Tuesday, August 26, 2008

Your local library

So, apparently faculty have changing views of their campus libraries.

Since some of you probably can't access the article, here's the salient point: "However, it also confirms that researchers increasingly find what they need through Google Scholar and other online resources, a trend the report's authors anticipate will accelerate as more and more knowledge goes digital. ... But only 48 percent of economists and 50 percent of scientists value libraries as gateways."

There is something wrong with this view. Google Scholar allows you to find articles, but - and this is a very important but - not to see most of said articles unless one is connected through an institution that has paid for access to those sources. So when I hop on to Google Scholar to find articles on lemur femurs, it's the VU library that gets me there. And I'm very aware of this because after many of the results it shows "findit@VU." The physical library may not be a gateway, but the virtual library is.

Are other scholars really too thick to notice this, as the piece seems to suggest? Or are they simply not relying on articles? Some scholars may be taking the easy route. I know students who won't bother to use anything that is on microfiche. From reading dissertations, I know a lot of them don't bother to scan other dissertations first. But many economists increasingly publish working papers online themselves long before they appear in journals. They may, quite validly, be sidestepping the library. Yet I don't think that you can completely bypass the library in any field.


Rebecca said...

A few thoughts:

- I agree; google scholar doesn't let you get at most of the articles you see. However a carefully crafted search could point you to the items you need more easily than some of the search engines that schools provide. Too many different subscription service search engines, compared to a single google interface.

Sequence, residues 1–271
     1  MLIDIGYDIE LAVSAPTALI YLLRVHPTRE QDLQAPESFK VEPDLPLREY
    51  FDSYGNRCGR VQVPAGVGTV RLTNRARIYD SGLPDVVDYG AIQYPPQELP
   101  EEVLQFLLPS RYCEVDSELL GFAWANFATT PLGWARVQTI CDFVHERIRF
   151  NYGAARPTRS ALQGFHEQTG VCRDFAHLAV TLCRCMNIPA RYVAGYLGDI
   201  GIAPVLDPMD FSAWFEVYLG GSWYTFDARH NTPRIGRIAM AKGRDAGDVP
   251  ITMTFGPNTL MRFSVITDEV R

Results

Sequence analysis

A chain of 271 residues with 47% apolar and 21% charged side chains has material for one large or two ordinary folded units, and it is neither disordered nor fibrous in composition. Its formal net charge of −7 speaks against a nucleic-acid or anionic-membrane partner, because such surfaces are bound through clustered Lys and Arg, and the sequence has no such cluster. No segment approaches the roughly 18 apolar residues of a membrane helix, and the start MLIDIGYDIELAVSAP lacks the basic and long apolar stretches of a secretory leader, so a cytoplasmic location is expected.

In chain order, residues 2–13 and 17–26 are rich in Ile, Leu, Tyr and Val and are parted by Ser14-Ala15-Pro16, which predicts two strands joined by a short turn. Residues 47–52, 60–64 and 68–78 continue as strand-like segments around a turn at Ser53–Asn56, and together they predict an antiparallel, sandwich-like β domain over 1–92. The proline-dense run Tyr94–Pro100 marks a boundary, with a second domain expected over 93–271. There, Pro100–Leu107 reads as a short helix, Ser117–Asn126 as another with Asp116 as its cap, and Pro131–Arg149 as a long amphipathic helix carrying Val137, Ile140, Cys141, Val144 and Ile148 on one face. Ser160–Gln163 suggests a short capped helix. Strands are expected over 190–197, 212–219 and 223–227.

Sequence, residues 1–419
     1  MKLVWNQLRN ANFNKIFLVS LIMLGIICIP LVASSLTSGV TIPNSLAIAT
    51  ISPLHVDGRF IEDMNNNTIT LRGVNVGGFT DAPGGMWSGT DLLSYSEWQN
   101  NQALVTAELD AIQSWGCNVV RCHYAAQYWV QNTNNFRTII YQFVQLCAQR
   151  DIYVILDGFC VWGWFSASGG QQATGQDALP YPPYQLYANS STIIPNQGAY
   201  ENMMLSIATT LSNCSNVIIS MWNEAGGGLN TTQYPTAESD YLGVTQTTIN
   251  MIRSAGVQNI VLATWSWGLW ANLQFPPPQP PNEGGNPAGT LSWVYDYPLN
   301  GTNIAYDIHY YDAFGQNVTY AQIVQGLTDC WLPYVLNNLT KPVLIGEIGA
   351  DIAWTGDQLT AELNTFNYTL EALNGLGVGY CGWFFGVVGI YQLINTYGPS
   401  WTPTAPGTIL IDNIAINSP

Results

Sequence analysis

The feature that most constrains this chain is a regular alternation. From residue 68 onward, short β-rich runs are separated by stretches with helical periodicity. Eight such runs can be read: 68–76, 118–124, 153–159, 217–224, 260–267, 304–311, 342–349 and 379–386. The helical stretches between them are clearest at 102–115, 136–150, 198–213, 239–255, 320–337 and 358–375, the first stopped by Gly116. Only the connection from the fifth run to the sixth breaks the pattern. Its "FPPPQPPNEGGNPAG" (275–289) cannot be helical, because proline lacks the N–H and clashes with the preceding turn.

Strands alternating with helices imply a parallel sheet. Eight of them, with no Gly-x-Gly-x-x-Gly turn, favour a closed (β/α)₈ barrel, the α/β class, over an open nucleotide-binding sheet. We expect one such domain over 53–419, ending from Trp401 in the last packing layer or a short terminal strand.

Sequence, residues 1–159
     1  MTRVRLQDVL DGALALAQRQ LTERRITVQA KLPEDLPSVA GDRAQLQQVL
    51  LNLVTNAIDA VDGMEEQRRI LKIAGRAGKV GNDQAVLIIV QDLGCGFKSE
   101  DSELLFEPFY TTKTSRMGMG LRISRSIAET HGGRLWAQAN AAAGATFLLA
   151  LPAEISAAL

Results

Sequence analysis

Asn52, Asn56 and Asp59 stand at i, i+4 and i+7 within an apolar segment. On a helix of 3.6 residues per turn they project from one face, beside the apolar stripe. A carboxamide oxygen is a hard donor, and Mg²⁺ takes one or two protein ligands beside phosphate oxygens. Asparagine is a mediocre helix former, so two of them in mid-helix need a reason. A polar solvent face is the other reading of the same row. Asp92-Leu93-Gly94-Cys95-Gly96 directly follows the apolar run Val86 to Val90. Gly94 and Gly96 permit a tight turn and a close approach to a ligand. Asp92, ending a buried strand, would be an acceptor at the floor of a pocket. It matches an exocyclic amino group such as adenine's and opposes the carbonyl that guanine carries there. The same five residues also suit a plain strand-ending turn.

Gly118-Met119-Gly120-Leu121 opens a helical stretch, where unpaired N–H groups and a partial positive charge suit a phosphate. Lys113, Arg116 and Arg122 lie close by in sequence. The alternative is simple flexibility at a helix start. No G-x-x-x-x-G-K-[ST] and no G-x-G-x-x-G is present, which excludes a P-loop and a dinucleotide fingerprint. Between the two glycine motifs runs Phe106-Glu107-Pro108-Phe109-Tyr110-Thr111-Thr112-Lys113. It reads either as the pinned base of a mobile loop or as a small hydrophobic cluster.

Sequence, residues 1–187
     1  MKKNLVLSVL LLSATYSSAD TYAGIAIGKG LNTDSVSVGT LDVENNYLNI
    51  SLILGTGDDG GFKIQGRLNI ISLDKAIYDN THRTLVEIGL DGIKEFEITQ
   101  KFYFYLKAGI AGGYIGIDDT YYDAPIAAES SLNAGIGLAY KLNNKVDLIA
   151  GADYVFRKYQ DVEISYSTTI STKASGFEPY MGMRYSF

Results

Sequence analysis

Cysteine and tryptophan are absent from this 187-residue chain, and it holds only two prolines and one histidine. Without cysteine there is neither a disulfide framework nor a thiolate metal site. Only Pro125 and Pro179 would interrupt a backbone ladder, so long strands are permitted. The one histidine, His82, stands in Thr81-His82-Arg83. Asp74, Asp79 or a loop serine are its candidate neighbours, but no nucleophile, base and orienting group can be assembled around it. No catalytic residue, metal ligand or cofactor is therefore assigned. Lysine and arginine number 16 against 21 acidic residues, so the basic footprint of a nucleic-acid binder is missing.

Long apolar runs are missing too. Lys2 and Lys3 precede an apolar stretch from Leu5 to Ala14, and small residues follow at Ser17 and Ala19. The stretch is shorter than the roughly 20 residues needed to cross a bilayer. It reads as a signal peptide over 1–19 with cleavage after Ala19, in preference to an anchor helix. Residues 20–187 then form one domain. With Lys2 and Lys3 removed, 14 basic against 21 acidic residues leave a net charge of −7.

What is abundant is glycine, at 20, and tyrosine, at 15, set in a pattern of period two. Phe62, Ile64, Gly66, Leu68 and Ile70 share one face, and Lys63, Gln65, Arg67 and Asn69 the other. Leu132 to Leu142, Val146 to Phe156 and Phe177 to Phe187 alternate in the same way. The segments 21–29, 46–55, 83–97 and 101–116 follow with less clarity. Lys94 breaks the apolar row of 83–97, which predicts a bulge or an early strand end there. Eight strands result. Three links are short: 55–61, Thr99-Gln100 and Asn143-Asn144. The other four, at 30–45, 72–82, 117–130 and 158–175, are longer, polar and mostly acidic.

- I also know of some people who will use google scholar to get a citation without ever reading the whole article. A couple of sentences or someone else's reference to something can occasionally provide enough (although there is no guarantee that they will accurately reflect the original article.)

- On the other hand, I am finding google books invaluable; Historical books are often completely available and you can usually see the relevant pages of newer books if you need just a snapshot.

- I never look at old dissertations. In MOST cases the person has published their findings at least once or twice in a peer-reviewed journal somewhere, which seems to have more credibility and is always shorter.

turducken said...

I certainly don't want to beat on Google Scholar; it's awesome. But it's really only powerful in conjunction with a library.

The "cite without reading" thing is such sloppy scholarship. If you're using someone else's cite, the appropriate thing to do is cite "Smith, as discussed in Jones (1973)." Otherwise, as you say, you have no guarantee you are accurately getting at the original piece. It's also how errors get propagated virally - when you see something mis-cited in several sources the same way, you know who hasn't been doing their reading! Sure, people do it.

The dissertation thing varies by subfield. My adviser and I have been working on a lit review of dissertations about higher ed fundraising. 91% of them never reappeared in any other form. I've seen similarly high numbers for other practitioner-dominated fields such as public administration. Obviously, if it's not the case in your area, one can reasonably assume the few dissertations that aren't published probably aren't very good. But if there's a high non-publication rate, you get this ridiculous vicious cycle where everyone says, "There's no work, therefore mine is needed," but they never publish it, and so the next person says, "There's no work .."